OK, before I start blogging about Jane McGonigal’s ideas, I want to put a definition or two on the table. Not because I am all about semantics, but because it is important that we are talking about the same thing.
A game is something you do for fun. A gamified process is something that you are doing for another reason, but because you have applied gaming principles to its design, it happens to be fun also. This may seem like a small nuance, but it is really important. A gamified process is a lot harder to design because you need to make sure that the precision and accuracy of performance meets the requirements of the process. A game where you fly a plane is a lot different than a gamified plane simulator where you learn how to fly a plane. In the game, you can fake accuracy and precision as much as necessary to keep the game fun (Guitar Hero does this liberally). In the simulator, the trainee’s ability to take off and land accurately is pretty important. The fun has to be secondary.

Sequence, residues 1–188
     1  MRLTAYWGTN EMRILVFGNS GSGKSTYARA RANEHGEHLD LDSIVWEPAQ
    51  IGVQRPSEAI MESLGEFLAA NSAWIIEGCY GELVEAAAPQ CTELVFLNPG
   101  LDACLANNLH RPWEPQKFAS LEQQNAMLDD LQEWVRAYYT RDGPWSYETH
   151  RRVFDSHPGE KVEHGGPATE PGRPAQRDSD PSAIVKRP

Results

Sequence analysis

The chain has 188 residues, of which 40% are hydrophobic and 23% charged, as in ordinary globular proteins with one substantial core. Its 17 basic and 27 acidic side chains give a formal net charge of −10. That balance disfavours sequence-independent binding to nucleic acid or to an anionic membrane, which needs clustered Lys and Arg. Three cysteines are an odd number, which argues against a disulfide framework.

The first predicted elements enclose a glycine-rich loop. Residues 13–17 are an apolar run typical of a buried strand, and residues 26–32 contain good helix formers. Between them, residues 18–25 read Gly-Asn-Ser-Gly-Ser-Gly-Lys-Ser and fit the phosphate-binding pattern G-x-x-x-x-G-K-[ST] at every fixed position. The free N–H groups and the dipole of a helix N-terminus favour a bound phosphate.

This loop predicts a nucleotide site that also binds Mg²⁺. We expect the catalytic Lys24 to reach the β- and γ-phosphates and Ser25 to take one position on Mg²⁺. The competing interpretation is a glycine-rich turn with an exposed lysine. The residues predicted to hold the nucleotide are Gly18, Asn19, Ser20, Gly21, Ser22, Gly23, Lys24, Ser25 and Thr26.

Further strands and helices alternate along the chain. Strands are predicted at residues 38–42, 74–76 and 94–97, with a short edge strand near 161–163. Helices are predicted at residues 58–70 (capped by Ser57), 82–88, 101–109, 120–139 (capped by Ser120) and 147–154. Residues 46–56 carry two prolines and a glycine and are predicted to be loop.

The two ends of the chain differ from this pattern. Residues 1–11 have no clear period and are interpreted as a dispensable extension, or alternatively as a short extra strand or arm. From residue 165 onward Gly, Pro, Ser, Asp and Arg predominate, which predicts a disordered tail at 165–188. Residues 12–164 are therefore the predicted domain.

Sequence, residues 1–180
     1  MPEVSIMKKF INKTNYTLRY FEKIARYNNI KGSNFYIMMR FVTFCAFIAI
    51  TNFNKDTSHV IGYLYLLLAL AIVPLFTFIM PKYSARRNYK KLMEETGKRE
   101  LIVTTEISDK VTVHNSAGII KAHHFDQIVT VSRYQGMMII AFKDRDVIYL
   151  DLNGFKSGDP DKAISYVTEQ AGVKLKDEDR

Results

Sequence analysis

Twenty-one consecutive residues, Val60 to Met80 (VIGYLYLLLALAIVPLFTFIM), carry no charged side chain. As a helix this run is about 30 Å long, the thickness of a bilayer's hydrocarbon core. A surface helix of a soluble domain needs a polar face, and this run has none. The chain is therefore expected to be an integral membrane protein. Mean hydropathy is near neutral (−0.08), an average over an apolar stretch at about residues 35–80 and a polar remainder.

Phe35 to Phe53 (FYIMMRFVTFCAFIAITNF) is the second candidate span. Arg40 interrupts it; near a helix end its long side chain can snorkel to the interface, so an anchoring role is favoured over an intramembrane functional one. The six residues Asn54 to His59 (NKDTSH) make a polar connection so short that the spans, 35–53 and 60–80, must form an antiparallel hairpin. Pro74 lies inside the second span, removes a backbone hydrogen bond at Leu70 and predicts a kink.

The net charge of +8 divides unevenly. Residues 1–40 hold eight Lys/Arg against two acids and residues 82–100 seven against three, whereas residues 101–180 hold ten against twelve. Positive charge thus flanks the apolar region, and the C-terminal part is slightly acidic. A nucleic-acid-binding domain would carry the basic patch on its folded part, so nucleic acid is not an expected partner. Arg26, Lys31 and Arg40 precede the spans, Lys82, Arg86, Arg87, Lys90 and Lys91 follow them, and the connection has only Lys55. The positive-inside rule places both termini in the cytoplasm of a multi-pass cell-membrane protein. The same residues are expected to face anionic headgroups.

This makes gamification a much harder objective than game design. Even though McGonigal’s book pastes over this key difference, I think she realized it was there but just didn’t want to muddy the clarity of her message.